Dust Jackets: A Series

by Craig Stark

26 March 2012

Part III: Bibliographic Matters

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By Craig Stark

As noted in Part II, dust jackets are not a recent development in publishing, but their acceptance as bibliographical components of books is. For this reason, bibliographers have not troubled themselves with their description in bibliographies with much regularity until fairly recently. Given intense collector interest in dust jackets, this can present difficulties for booksellers. When author bibliographies offer little or no help identifying dust jacket variants, we may be left with no means of determining the edition state of the book itself.

These difficulties can manifest in various forms. Take book club editions. There are more than a few instances where Book-of-the-Month Club editions are identical in every respect to their trade counterparts, in some cases printed by the trade publishers and distributed to the Club. I've written previously about Nevil Shute's 1939 novel Ordeal - a serious case in point, given the huge number of misrepresented copies in the marketplace. Unless a copy of Ordeal possesses a priced dust jacket, a bookseller has no justification to describe it as a first edition, though it may well be, and even with a dust jacket, who knows for certain? Detachable objects do have a way of wandering.

Or take Hemingway's For Whom the Bell Tolls, which presents this and a further complication.

The Scribner archives indicate that by September 17, 1940 a total of 210,192 sets of sheets had been printed. Of these, the Book-of-the-Month Club received 135,000 bound copies - and keep in mind that these were first printings printed and bound by Scribner's and all possessed the called-for "A" on the copyright page. Again, putting aside the potential for dust jacket marriages for the moment, the only (albeit shaky) means of determining edition state would be the presence of a dust jacket: The Scribner-issued first printings possessed a priced ($2.75) dust jacket, the BOMC first printings an unpriced dust jacket with a star on the upper front flap. Absent a dust jacket, it becomes a guess we shouldn't make.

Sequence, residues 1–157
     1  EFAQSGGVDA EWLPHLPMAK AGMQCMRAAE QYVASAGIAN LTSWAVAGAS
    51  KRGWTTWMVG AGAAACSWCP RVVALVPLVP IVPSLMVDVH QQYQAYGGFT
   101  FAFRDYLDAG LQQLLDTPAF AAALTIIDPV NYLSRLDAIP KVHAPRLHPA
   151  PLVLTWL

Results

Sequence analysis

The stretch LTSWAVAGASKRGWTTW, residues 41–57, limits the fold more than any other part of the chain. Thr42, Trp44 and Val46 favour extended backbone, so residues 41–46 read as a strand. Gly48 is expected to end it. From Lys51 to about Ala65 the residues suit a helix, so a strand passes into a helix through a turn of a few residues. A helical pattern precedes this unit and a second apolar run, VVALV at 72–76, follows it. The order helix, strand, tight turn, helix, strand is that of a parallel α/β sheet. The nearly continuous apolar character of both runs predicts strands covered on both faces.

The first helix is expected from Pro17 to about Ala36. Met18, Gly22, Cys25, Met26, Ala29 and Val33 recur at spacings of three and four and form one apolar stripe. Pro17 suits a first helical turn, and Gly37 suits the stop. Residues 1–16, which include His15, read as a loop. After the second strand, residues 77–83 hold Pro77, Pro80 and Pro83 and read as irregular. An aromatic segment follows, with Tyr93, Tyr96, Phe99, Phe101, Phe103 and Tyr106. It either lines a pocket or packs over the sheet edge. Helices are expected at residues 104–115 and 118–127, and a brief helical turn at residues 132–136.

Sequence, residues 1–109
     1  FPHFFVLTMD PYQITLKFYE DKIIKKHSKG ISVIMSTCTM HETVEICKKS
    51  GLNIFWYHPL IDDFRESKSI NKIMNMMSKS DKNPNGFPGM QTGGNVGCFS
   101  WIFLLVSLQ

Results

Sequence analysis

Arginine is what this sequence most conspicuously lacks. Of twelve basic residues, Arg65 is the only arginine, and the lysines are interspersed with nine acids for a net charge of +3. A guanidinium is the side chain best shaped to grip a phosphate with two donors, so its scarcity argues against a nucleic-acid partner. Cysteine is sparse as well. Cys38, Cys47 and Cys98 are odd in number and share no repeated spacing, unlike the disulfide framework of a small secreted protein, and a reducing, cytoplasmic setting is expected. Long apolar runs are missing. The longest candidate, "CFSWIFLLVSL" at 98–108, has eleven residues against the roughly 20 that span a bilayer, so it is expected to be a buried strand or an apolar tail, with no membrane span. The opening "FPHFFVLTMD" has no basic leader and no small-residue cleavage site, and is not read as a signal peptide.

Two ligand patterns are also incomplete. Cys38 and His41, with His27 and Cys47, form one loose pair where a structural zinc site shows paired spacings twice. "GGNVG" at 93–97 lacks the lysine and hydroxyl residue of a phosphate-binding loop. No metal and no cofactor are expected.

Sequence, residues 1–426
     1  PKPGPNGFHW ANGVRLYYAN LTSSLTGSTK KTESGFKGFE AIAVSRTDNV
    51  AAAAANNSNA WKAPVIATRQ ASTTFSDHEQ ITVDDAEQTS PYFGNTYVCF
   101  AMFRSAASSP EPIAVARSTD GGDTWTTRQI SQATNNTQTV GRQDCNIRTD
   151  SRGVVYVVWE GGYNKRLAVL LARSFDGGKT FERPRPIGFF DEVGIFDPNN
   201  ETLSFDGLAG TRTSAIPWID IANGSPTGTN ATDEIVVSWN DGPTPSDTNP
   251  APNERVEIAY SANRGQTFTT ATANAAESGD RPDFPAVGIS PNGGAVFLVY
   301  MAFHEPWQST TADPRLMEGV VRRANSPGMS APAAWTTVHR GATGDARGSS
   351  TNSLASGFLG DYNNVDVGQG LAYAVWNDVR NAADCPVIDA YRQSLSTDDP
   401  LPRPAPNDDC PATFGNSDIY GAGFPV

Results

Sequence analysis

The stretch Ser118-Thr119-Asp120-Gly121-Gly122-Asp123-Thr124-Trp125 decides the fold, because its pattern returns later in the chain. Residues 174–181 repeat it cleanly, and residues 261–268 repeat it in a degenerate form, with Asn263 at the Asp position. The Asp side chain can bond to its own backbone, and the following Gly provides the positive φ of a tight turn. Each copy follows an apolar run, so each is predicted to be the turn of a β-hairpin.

But there's more. A photo of Hemingway appeared on the back panel of the first state dust jacket without the attribution of Sun Valley photographer Lloyd Arnold.

The omission was later corrected with the added statement "Photography by Arnold - Sun Valley." Now, it's widely assumed among booksellers and collectors that first printings that possess the corrected dust jacket are still complete as first editions - that is, complete with first printing texts and second state dust jackets issued with first printing texts. What muddies this is bibliographer C. Edgar Grissom's recent report, based on the investigation of library copies (which are far more likely to have their original dust jackets), that the earliest examined corrected dust jackets were found on 1941 and later printings, not 1940 first printings. That so many first printings possess second state dust jackets in the marketplace, therefore, suggests that wide scale marriages have taken place over the years. Fun.